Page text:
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Bolivia: Membership in International Organizations
Country Study > Chapter 4 > Government and Politics > Foreign Relations > Membership in International Organizations

MEMBERSHIP IN INTERNATIONAL ORGANIZATIONS


Latin American integration was a major tenet of Bolivian foreign policy largely because Bolivia recognized its severe geographic limitations. As mentioned earlier, Bolivia participated actively in the Amazonian Pact, ANCOM, and the Río de Plata Basin commercial and development agreement in the late 1980s. In fact, Bolivia was the only country in Latin America that could boast membership in all three of these organizations. Bolivia was also a charter member of the OAS and, as noted previously, was active in SELA and ALADI.

Bolivia was a founding member of the UN. In the 1980s, the UN served as a forum for several of Bolivia's demands, including its claims against Chile for access to the Pacific Ocean. In the late 1980s, the UN also provided cooperation on debt-relief programs and advice on coca-eradication programs.

Like those of other nations in Latin America, Bolivia's economy was closely scrutinized by the IMF, the World Bank, and the Inter-American Development Bank (IDB). Although its credit rating had been adversely affected by nonpayment of loans to private banks since 1985, Bolivia managed to restore its credibility, and the IMF and other lending agencies reopened credit lines.

Until recently very little literature in English was available on contemporary Bolivian politics. For information on Bolivia's governmental system and politics, readers may consult the following publications of James M. Malloy and Eduardo A. Gamarra: Revolution and Reaction; "Bolivia 1985-1987" in Abraham Lowenthal's Latin America and Caribbean Contemporary Record; and "The Transition to Democracy in Bolivia" in Malloy and Mitchell A. Seligson's Authoritarians and Democrats. Other useful books include William H. Brill's Military Intervention in Bolivia; James Dunkerley's historical work, Rebellion in the Veins; Jonathan Kelley and Herbert S. Klein's Revolution and the Rebirth of Inequality; Klein's Bolivia: The Evolution of a Multi-Ethnic Society; Jerry R. Ladman's multidisciplinary study, Modern Day Bolivia; Malloy's Bolivia: The Uncompleted Revolution; Christopher Mitchell's excellent The Legacy of Populism in Bolivia; and Rodolfo Salinas Pérez's La reconquista de la democracia.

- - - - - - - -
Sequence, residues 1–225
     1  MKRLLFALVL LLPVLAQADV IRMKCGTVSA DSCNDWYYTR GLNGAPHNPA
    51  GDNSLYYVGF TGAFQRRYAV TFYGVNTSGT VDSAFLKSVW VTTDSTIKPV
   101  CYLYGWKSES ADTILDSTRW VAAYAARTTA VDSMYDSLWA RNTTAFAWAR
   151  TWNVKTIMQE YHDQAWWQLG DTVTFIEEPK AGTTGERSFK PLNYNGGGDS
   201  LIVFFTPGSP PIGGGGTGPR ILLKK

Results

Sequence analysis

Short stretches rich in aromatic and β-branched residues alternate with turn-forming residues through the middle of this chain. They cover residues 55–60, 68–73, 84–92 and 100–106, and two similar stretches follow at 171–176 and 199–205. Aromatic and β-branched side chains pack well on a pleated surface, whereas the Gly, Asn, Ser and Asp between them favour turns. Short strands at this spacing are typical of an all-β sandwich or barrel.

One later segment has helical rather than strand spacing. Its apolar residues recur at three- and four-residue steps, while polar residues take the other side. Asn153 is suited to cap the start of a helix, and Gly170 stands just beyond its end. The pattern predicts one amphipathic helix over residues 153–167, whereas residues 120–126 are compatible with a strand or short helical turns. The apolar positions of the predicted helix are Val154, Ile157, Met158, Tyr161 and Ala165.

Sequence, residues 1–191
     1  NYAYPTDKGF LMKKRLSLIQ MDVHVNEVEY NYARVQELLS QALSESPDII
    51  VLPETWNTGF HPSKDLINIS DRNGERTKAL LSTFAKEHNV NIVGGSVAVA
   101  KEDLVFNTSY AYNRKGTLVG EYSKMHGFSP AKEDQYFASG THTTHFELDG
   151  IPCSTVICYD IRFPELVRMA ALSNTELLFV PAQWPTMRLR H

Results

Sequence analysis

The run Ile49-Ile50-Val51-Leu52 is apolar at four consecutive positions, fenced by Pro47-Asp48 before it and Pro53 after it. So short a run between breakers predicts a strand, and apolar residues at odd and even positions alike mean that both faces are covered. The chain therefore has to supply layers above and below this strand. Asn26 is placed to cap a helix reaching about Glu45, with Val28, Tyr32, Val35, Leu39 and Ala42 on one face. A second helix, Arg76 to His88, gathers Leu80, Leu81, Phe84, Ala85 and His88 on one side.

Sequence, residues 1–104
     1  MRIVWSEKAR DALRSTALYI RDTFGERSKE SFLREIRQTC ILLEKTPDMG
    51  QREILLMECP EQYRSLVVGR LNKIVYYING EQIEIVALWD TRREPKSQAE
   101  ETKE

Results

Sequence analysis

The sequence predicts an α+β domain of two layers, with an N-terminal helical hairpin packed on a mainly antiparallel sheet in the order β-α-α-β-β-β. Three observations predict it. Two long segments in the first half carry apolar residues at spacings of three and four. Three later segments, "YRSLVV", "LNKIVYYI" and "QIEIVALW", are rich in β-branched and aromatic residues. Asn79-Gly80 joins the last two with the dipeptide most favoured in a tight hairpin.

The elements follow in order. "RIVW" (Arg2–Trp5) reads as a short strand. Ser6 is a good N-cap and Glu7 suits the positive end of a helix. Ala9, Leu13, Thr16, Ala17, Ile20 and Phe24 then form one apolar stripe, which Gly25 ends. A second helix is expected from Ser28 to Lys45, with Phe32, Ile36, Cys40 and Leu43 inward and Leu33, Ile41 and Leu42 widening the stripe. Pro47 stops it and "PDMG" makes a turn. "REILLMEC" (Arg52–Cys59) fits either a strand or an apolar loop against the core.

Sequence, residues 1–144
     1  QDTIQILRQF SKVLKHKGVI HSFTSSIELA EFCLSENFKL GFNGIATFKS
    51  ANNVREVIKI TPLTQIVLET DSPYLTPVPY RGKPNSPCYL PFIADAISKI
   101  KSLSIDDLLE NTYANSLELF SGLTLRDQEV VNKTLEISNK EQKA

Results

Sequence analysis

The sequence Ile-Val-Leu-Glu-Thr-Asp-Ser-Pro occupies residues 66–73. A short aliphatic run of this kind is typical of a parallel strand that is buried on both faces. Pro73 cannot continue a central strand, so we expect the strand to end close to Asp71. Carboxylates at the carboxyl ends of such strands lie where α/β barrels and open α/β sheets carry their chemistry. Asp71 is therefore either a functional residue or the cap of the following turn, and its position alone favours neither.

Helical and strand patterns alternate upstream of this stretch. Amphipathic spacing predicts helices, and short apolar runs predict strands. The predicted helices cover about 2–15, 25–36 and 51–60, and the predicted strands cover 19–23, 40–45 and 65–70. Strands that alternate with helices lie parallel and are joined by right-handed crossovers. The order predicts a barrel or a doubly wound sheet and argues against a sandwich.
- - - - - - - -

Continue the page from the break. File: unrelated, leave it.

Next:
Bolivian foreign relations are discussed in Alberto Crespo Gutiérrez's "Prioridades de la política exterior Boliviana" and Jorge Escobari Cusicanqui's "Enunciados para una política internacional Boliviana," both in Relaciones Internacionales. Additional relevant materials include Gamarra's "Democratization and Foreign Policy" and "The United States, Democracy, and the War on Drugs in Bolivia." (For further information and complete citations, see Bibliography.)

Data as of December 1989




Last Updated: December 1989


Editor's Note: Country Studies included here were published between 1988 and 1998. The Country study for Bolivia was first published in 1989. Where available, the data has been updated through 2008. The date at the bottom of each section will indicate the time period of the data. Information on some countries may no longer be up to date. See the "Research Completed" date at the beginning of each study on the Title Page or the "Data as of" date at the end of each section of text. This information is included due to its comprehensiveness and for historical purposes.

Note that current information from the CIA World Factbook, U.S. Department of State Background Notes, Australia's Department of Foreign Affairs and Trade Country Briefs, the UK's Foreign and Commonwealth Office's Country Profiles, and the World Bank can be found on Factba.se.

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